In this case, conversion rate dropped by 0.07%, and revenue dropped by over $40K. This is critical data that you can use to ward off a potentially detrimental release in terms of performance.

Scenario 3: How much does Session Load Time need to improve to achieve an X improvement in revenue?

Lastly, let’s imagine that you want to achieve specific revenue targets or you have a fixed budget to improve performance. In this case, you can adjust the slider under Revenue to the projected number, and understand the targets that the dev team needs to achieve in terms of cutting down on Session Load time.

How does What-If analysis work?

So what’s the magic (aka math) behind this powerful dashboard?

First, mPulse uses a log-normal distribution to model sessions across load times. This is a model that creates the histogram in the graphics above and most closely resembles the true user behavior across a variety of websites. When the sliders in the “What-If” dashboards are adjusted, the model and histogram adjusts accordingly, and calculates a new conversion rate, from which revenue is derived as well.

In this case, revenue is simply a function of the change in conversions multiplied by the average order amount. Of course, it may and will vary depending on the absolute number of sessions, which may change over the course of a data set.

Conversion and revenue data sources

Conversion and order total (revenue) data can be automatically scraped by mPulse in order to make the “What-If” dashboard seeded and actionable. This is done by creating custom metrics in the Metrics tab of the Application configuration window of your property.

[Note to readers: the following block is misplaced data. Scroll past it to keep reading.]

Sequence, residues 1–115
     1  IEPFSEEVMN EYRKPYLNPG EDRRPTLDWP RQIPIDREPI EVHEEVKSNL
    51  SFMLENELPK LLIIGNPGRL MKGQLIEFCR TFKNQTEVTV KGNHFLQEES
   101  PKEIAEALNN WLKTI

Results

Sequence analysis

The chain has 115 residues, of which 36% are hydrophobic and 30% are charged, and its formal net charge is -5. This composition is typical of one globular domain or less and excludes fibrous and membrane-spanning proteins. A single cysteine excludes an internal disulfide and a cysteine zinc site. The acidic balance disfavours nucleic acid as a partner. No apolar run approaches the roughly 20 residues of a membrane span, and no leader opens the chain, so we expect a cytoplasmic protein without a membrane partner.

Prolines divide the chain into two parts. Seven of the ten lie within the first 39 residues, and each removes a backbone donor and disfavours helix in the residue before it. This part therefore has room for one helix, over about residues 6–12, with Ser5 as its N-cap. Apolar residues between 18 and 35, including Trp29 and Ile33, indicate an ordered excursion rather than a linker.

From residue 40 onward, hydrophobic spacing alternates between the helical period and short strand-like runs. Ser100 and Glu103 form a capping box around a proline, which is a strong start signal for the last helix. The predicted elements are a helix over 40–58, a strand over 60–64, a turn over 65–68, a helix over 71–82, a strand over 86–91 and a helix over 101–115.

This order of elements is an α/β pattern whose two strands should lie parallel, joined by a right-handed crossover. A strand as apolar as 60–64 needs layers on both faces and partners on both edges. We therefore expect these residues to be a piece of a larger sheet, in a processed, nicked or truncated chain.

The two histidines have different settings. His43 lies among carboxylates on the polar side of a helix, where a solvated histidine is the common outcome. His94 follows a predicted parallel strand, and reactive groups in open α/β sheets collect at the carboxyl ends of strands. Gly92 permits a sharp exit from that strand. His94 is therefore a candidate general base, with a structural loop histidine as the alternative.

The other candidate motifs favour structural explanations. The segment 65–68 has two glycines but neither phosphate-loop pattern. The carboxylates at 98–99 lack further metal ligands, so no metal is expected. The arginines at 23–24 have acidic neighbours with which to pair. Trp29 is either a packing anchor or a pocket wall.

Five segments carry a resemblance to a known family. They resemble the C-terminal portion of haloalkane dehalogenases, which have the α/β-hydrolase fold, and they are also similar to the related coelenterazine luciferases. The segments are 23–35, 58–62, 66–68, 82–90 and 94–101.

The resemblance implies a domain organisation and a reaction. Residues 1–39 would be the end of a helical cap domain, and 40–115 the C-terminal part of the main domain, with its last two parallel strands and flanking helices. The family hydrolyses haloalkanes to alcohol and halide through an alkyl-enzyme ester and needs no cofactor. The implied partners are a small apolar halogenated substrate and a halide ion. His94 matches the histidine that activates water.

web performance predictive analytics

The source can be defined as a URL pattern of the Order Confirmation/Thank You page, for example, or using a JavaScript variable. Checking “Conversion Metric” or “Revenue Metric” on this form will send the data to the “What-If” dashboard.


There’s no magic in the “What-If” analysis dashboard. While the future can never be predicted with 100% accuracy, it can be modeled with a high degree of certainty using past performance data and sophisticated predictive analytics.

The more data available, the more accurate the prediction will be. This is why mPulse collects and stores all your website’s user data, forever.

The next “What if” question you may want to ask is, “What if we wanted to make the site faster? Which pages should we focus on first?” There’s an app for that, too. Using the Data Science Workbench module for mPulse to perform tasks such as Conversion Impact Scoring, you can take a deep dive into your user data and get answers to increasingly challenging questions.

Try mPulse for 14 days of free real user measurement

Edward Isarevich

About the Author

Edward Isarevich

Edward has an engineering background, and has developed his career both on the analytical and creative side. He has led teams and projects in product and marketing for software companies in various stages of development, including his own startup. As Senior Product Marketing Manager at SOASTA, Edward demonstrates to enterprises the value of digital performance management, deep data analysis, and the relationship between performance and business metrics.